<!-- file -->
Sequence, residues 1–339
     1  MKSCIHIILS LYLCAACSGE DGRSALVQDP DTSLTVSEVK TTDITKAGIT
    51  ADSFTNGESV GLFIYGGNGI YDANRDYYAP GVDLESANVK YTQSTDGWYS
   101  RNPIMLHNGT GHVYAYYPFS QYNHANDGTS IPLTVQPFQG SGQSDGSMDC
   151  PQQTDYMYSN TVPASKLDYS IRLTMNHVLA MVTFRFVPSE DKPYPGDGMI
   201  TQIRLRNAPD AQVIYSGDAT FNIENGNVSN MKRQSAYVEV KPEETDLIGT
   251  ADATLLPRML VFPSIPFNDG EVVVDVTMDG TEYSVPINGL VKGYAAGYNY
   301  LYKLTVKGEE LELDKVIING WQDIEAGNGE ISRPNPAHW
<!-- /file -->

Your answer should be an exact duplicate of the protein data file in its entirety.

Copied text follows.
Sequence, residues 1–339
     1  MKSCIHIILS LYLCAACSGE DGRSALVQDP DTSLTVSEVK TTDITKAGIT
    51  ADSFTNGESV GLFIYGGNGI YDANRDYYAP GVDLESANVK YTQSTDGWYS
   101  RNPIMLHNGT GHVYAYYPFS QYNHANDGTS IPLTVQPFQG SGQSDGSMDC
   151  PQQTDYMYSN TVPASKLDYS IRLTMNHVLA MVTFRFVPSE DKPYPGDGMI
   201  TQIRLRNAPD AQVIYSGDAT FNIENGNVSN MKRQSAYVEV KPEETDLIGT
   251  ADATLLPRML VFPSIPFNDG EVVVDVTMDG TEYSVPINGL VKGYAAGYNY
   301  LYKLTVKGEE LELDKVIING WQDIEAGNGE ISRPNPAHW